How did Bruce Cratsley manage to get a mannequin to look scary, silly and incredibly melancholy at the same moment?
Burst Balloon is enough to make even a grown man gasp, if he has retained the memory of childhood catastrophes, but like all of Cratsley's work it's also a perfect abstract composition. Stuff like this is never just a "found" image.
Barry and I have both often wondered why Mark Morrisroe's work is not better know than it is. It doesn't help to be dead of AIDS complications at 30, but death hasn't always been a career-ending move. I Dream of Jeannie is a portrait of his artist friend Stephen Tashjian, a/k/a Taboo!.
The beautiful late triptych uses his own hospital x-rays. What a guy.
Fred Weston's work doesn't seem to wander far from home, but it goes much, much further. I fell in love with Proud and Vain, reading the text over and over.
The collage, Blue Bathroom Blues is equally personal, and intensely so. Blues, yeah.
Barry Huff would have gotten my attention even without the title which dares you to look, Transition From Plato's Cave, but the image is no disappointment, even if we can't witness its scale: The canvas is 12 feet long!
Although the second work pictured here would normally seem to be about as far removed from the first as it could get, it too suggests a cave, even if Private Room is much closer to a real world.
This artist was definitely one of the real surprises for me: Ken Kostovny is represented here by two related works, although one is described as of mixed media [including photo collage], the other as acrylic. These look like pieces which are on a scale far more heroic than their dimensions (30" x 36"). They both literally explode with an extraordinary energy. A "chromatic way." This is very exciting work, even in tiny reproduction.
I've followed Steed Taylor's work for some time. I guess I'd have to say it's been at something of a distance, but I wish it wasn't so removed. Actually, in his best-know work Taylor himself has removed himself from his childhood photographs. He's written, contemplating his AIDS diagnosis, that he "decided to explore what my life would look like if I was removed from it. I selected the warmest photographs and marked myself out of these images."
Here I've selected two images, maybe not so warm, from which he never had to mark himself out, even if he's really right there where we are. At the time they were taken he was about six years old, and he was on the other side of the camera.
b i o g r a p h y
James Wagner is a delightedly retired New Yorker enjoying everything he ever wanted to do (actually he pretty much always did do what he wanted to do). Right now most of that "everything" seems to be a matter of trying not to miss out on much of what's being done by artists emerging into the light from their studios for the first time.
The arts have always been an important focus of his life, but until fairly recently he had always thought of himself as an outsider in that world, little more than a big fan. A big fan. He jump-started his visual arts collecting about 15 years ago at the first of the two hugely-successful ACT UP art auctions and he hasn't stopped since. An active member of the direct action group, he also proudly contributed a photograph to the second benefit, and justified the relative extravagance of his purchase of the work of others by the good purpose to which his dollars would be put. Outside of the merits of the works themselves, many of his subsequent acquisitions, now decisions made together with his partner Barry Hoggard, have also had the additional excuse of assisting good people and institutions.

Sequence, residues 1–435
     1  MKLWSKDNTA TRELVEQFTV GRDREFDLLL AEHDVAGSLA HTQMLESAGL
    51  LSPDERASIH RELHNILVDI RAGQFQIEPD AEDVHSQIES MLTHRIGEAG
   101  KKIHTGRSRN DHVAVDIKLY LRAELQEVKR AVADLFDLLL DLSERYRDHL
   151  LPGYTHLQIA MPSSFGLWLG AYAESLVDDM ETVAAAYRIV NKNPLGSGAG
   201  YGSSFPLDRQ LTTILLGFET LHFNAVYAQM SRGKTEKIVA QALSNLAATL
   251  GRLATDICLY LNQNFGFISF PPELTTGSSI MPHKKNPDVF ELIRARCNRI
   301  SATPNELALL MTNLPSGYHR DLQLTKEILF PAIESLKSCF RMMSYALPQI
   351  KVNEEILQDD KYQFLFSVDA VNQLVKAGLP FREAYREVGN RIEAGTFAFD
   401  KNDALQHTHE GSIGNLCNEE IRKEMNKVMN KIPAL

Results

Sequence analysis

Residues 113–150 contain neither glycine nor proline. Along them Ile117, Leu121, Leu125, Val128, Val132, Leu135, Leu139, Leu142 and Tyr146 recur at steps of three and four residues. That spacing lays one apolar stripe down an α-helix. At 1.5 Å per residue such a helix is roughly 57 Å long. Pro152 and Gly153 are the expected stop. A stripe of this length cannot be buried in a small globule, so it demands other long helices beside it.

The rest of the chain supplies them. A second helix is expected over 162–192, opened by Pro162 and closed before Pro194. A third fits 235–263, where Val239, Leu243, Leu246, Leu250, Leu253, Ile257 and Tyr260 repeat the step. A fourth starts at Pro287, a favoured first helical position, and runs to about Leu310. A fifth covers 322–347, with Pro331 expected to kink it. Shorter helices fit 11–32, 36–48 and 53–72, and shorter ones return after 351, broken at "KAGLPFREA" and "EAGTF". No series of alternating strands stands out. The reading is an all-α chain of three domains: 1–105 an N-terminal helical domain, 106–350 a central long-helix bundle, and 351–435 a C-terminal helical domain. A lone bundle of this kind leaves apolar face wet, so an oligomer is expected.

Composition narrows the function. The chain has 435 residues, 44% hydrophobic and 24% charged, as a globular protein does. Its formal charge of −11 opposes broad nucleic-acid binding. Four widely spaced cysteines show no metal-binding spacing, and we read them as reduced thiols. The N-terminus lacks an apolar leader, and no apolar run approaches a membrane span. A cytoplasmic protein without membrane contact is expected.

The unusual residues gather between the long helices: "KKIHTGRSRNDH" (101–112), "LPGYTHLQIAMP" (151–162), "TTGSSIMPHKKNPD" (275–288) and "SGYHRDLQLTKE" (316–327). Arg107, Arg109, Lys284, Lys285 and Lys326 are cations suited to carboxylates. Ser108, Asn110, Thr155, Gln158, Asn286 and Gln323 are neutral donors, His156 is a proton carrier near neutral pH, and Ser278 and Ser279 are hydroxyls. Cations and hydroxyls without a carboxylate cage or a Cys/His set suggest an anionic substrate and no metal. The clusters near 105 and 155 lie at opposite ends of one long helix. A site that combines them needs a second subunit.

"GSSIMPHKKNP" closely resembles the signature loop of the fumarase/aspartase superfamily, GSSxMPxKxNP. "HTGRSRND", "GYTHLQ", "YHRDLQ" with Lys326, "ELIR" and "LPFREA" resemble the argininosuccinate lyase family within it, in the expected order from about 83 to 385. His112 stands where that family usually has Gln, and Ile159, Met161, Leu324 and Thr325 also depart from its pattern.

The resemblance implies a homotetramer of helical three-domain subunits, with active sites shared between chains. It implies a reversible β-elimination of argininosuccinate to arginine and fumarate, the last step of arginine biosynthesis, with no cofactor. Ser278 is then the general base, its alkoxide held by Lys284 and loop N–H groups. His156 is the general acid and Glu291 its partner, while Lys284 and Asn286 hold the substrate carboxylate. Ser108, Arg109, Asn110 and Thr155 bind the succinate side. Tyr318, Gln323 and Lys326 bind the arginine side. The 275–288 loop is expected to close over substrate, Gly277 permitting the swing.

He tries to make an excursion to groups of galleries several times a month, but as the apartment fills up and the choices become more and more difficult, if not more expensive, the collecting seems to have slowed down. In fact, since he now maintains his own surprisingly popular three-year-old weblog magazine largely devoted to the visual arts and very dependent upon images, physical possession no longer seems to be the point. He finds more excitement in being able to broadcast an exciting find than in securing its possession. To that end he's never without his tiny digital camera.
Neither a working artist nor a critic, he is not selling anything, and he can buy very little. Because of and in spite of his frequent appearances in its environments he is finally of the industry and "not in the industry," as a gallerist friend explained it to someone recently. This is his first invitation to assume the role of curator and the responsibility has been humbling.
He takes pictures, some of which please him.
When he is not absorbed in the arts, Leftist political activism accompanies him through an imperfect world. In the words of artist and activist friend Scott Treleaven, he is one of the "older queer delinquents who thought that ACT UP and Queer Nation, et al., didn't run far, fast or deep enough."
He has lived with HIV disease for at least 25 years. While it has changed his life, much of it for the better, it hasn't killed him. He remains disgustingly healthy. He's now pretty sure he will probably die of old age.